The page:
Although she could easily just be a “strange for the sake of strange” character, the series contains some mysterious paranormal elements. So, the Log Lady’s initial explanation that the log contains the spirit of her deceased husband makes slightly more sense when you’ve seen more of the series. Of course, given that the one of the main themes in the TV show is mourning and/or grief, it’s also possible that her obsession with the log is merely a psychological reaction of some kind to her husband’s death.

Even though this is left slightly ambiguous, the fact that there is at least one “logical” (in the context of the story) explanation for this “strange” part of the show helps to avoid breaking the audience’s immersion in the story.

3) The ordinary: For all of “Twin Peaks’ ” strangeness, most of the unusual parts of the series are at least vaguely related to ordinary life.

Sometimes, this can take the form of a character owning an unusual (but available) object – for example, one character is seen eating a piece of smoked cheese that has been sculpted to look like a pig. It’s strange, but it’s also the kind of thing that can probably be bought from gift shops in areas where smoked cheese is made.

Sometimes, this can just be ordinary things that are subtly out of place. For example, the pilot episode of “Twin Peaks” includes a scene set in a rural American bank. This is the kind of place where you might possibly expect to see a hunting trophy in the lobby. A stag’s head wouldn’t look totally out of place here. Yet, merely by placing it somewhere slightly unusual, the show is able to add a touch of surrealism to what would otherwise be an “ordinary” dialogue-based scene:

As you can see in this scene from "Twin Peaks", the placement of a "normal" item in a slightly unusual location can instantly add a surreal atmosphere to a story, comic,. TV show, painting etc...

As you can see in this scene from “Twin Peaks”, the placement of a “normal” item in a slightly unusual location can instantly add a surreal atmosphere to a story, comic,. TV show, painting etc…

4) Comedy and horror: The surreal parts of “Twin Peaks” that aren’t fully explained are often still surprisingly interesting for the simple reason that they’re designed to either frighten the audience or make them laugh. Or both.

Since these parts of the show are designed to evoke strong emotions, they are more likely to bypass the more “logical” parts of the audience’s minds. Since these scenes are clearly designed purely for comedic and/or horrific effect, then they are less likely to break the audience’s suspension of disbelief too. After all, “it’s meant to be funny” or “it’s meant to be scary” can often be a logical explanation for otherwise illogical things.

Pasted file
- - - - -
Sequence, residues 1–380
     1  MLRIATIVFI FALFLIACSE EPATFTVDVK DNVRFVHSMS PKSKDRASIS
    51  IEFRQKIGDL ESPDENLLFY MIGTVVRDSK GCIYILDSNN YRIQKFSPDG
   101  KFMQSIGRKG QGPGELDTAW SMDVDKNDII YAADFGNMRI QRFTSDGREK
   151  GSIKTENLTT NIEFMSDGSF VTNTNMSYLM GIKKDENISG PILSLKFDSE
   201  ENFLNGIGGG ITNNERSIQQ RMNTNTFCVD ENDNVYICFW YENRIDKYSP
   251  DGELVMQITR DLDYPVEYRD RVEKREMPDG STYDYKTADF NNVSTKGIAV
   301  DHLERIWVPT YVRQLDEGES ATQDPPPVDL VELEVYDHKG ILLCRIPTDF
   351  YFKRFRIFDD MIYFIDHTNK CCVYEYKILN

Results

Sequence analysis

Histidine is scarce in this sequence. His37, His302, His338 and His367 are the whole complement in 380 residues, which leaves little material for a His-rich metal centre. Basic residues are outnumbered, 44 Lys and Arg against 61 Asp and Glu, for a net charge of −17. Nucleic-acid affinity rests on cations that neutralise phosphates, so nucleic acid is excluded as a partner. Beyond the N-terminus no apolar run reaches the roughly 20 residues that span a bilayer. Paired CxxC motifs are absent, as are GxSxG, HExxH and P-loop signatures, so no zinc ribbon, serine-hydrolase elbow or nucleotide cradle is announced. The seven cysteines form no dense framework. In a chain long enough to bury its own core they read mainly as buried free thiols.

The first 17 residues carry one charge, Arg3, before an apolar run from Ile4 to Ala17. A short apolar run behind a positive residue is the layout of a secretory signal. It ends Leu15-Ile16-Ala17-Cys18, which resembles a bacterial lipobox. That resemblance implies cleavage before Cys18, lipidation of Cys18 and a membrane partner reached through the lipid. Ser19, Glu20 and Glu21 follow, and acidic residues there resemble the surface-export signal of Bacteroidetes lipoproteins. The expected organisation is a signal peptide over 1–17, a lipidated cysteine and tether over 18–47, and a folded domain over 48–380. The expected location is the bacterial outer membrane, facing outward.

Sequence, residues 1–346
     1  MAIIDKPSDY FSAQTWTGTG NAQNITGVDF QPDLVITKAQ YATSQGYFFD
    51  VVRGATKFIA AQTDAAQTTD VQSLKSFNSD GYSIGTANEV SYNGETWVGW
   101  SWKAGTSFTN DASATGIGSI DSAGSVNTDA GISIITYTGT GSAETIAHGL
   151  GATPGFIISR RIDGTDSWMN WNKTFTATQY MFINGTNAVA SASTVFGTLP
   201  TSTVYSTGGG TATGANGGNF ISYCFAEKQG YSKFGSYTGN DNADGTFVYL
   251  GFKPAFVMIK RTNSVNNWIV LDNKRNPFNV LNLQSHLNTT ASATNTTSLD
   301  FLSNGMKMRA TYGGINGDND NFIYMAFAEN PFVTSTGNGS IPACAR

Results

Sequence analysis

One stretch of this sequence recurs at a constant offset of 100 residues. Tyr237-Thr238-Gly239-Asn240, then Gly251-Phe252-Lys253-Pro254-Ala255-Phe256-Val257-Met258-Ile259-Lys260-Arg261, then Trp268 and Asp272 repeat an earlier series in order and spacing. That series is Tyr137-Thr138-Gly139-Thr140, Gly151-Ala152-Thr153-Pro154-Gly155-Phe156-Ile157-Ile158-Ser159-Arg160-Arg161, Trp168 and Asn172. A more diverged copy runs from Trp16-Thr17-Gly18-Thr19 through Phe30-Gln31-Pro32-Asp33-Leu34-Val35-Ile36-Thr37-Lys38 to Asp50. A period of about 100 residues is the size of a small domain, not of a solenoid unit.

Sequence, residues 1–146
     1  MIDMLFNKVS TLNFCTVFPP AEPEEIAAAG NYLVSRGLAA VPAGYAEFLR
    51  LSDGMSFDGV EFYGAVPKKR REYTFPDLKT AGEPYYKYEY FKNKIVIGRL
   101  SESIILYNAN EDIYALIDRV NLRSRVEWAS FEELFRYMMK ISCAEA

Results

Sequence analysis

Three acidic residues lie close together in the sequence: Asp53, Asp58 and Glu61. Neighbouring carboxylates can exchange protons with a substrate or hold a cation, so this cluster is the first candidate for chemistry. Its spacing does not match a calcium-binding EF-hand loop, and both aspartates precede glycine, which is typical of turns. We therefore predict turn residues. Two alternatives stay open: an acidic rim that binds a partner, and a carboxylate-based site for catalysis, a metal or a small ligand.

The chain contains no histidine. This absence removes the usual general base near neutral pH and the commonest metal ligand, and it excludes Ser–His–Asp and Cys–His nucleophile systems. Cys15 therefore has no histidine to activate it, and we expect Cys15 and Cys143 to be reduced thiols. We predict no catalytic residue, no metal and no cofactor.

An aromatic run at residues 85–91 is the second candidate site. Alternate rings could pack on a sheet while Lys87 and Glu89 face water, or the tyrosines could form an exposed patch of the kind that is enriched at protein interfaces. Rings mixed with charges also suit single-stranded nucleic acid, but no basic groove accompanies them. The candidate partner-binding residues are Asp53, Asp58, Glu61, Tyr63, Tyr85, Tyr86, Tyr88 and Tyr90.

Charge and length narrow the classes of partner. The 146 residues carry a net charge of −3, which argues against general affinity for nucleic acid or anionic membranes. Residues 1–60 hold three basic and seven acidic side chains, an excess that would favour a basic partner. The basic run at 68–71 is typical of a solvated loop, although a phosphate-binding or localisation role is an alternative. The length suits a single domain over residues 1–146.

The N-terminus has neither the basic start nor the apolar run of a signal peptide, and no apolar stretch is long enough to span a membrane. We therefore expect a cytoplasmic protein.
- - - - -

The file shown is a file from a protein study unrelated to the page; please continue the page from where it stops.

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Anyway, I hope that this was useful 🙂

Today’s Art (26th November 2015)

Well, a day or two before I made this painting I saw a TV show about farming (or all things). Anyway, one of the interesting things shown on it was a sheep that had this really cool looking black/auburn fleece, so I thought that I’d try to make a painting of this type of sheep.

Although I’d originally planned to turn the sheep into a zombie or a vampire sheep, I eventually decided that it’d be cooler to turn it into something a bit more mysterious and surreal.

As usual, this painting is released under a Creative Commons BY-NC-ND licence.

"Levitating Sheep" By C. A. Brown

“Levitating Sheep” By C. A. Brown

Today’s Art (3rd April 2015)

Well, I’m still in the mood for making drawings at the moment, but after all of the careful planning I did for my comic, I felt like making something totally random.

This drawing was also a good opportunity to practice drawing slightly different perspectives/ angles too (although I failed miserably at this when it came to drawing the background – hence why all of the scenery looks slightly wierd etc…).

As usual, this drawing is released under a Creative Commons BY-NC-ND licence.

"...And Dragons" By C. A. Brown

“…And Dragons” By C. A. Brown

Today’s Art (8th February 2015)

Well, for some reason, I felt seriously uninspired when it came to making today’s painting. In the end, I finally managed to paint a very boring landscape.

But, since it was so dull, I decided to liven it up a bit by using a lot of digital effects on it after I’d scanned it (As well as my usual adjustments to the brightness/contrast level, I inverted the colours and then I increased the saturation shift(?) a lot… well, whatever it was, it made the picture look cooler ).

As usual, this picture is released under a Creative Commons BY-NC-ND licence.

"Lost Island" By C. A. Brown

“Lost Island” By C. A. Brown

Today’s Art (27th January 2015)

Well, originally, I’d planned to draw a black & white picture of Amanda Palmer, but the drawing quickly went in a much more 1980s/90s gothic cyberpunk direction instead. This picture also gave me a chance to try out a new art technique too, hence the weird colours in it.

As usual, this painting is released under a Creative Commons BY-NC-ND licence.

"Late Show" By C. A. Brown

“Late Show” By C. A. Brown